Farhan has helped me navigate some interesting information (all in Arabic of course) that may inform our team as we delve further into the research process. Through this opportunity with CSI, I have been fortunate to meet a new friend, learn about a vibrant Saudi culture, learn more about Islam, and better inform myself on a part of the world I would otherwise not have been so thoroughly exposed to.

Research Assistant Kevin Eidick and Research Fellow Jean Trottier are participating in LAF’s 2015 Case Study Investigation (CSI) program and working to evaluate the environmental, economic and social performance of three projects that are part of the Wadi Hanifah Civic Parks and Comprehensive Development Plan in the Riyadh Province of central Saudi Arabia.

P is for Process

By Sadie L. Walters, MLA Candidate, North Carolina State University

The writings of Richard Louv, Rachel Carson, and Aldo Leopold have long served to guide me in my work and, ultimately, were responsible for leading me to landscape architecture. Since entering this circle, I have been inspired by the artful and environmentally sensitive work of historical and current landscape architects, including my teachers at North Carolina State University.

In my two years as a graduate student, I have come to the realization that evidence-based design is the direction in which I am headed — I want to know how landscape can be a bridge between human health and quality outdoor experience, how it can provide a corridor for the sweet song of the wood thrush, and how built environments can respond to and integrate with natural systems. To that end, landscape research has captured my focus. In the fall of 2014, Andy Fox approached me with an opportunity to participate in LAF’s Case Study Investigation (CSI) program. In this program, I saw an opportunity to frame and begin to answer some of these questions within three landscapes in the North Carolina Piedmont.

While the chill of winter still clung to the dry air, Andy and I began the process of gathering information about our three projects, meeting with the design firms and respective project stakeholders. There was excitement in every meeting as we explained the value of landscape research and the forthcoming recognition of each site’s commitment to sustainability. As our discussions gained momentum, lists of sustainable features and potential areas of study grew long — certified North Carolina native landscape, innovative stormwater treatment trains, native bee habitat, increases in garden membership and volunteerism, reduction in mower time, and on and on. Following the meetings, we were rich in the currency of performance criteria, and so began our (re)quest for records and data.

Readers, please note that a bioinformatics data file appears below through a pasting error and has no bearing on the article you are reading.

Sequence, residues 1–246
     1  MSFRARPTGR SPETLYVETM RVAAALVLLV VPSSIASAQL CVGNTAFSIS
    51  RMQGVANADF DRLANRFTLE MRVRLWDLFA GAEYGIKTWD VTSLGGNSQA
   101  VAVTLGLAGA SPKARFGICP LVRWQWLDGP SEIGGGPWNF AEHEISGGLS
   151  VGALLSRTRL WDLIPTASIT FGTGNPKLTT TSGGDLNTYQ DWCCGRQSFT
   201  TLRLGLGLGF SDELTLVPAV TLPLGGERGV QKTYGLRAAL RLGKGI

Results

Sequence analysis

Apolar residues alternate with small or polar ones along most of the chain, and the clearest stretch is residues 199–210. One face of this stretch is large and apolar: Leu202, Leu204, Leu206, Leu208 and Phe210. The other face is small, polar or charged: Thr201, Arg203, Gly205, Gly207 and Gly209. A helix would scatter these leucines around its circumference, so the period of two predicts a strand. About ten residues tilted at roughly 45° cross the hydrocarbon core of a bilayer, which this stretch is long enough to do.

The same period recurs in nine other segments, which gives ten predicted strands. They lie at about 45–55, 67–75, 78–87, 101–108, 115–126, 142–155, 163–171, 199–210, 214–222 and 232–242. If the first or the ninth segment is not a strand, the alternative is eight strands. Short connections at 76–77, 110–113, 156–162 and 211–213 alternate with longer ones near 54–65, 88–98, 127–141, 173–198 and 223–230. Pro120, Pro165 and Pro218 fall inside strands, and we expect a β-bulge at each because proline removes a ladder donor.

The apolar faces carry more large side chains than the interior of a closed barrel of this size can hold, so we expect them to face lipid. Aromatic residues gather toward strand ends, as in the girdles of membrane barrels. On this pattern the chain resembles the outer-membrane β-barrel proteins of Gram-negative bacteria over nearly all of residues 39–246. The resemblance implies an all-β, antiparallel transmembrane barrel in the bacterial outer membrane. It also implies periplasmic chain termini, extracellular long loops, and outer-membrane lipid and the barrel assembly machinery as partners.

01-researchprocess

We collected data and had follow-up meetings well into late May; it was then that the research limitations became clear. The façade of mountains of information opened up to reveal key missing links, holes in data collection, and absent records. The month and a half of deep digging showed us that there were far fewer suitable research topics than our initial meetings had indicated. It was to no one’s fault, but was simply a necessary reality of research.

Out of this experience, I offer the following lessons learned: take time early on to define your own method(s) of sorting through piles of information and develop a process to know when you will let go of a potential research topic and when you will push for more information.

As the heat of summer’s arrival pressed at the windows, Andy and I convened in his office for a conference call with LAF. As Andy described our current plans for measuring stormwater benefits, my eyes wandered to three books on his shelf — Louv, Carson, and Leopold. Even with our slimmed down list of measurable performance benefits, it was clear that we were still on the path, and the future of our study, though quite full, was bright.

Research Assistant Sadie Walters and Research Fellow Andrew Fox are participating in LAF’s 2015 Case Study Investigation (CSI) program. They are working to evaluate and document the environmental, social, and economic performance of three exemplary landscape projects in North Carolina’s Research Triangle.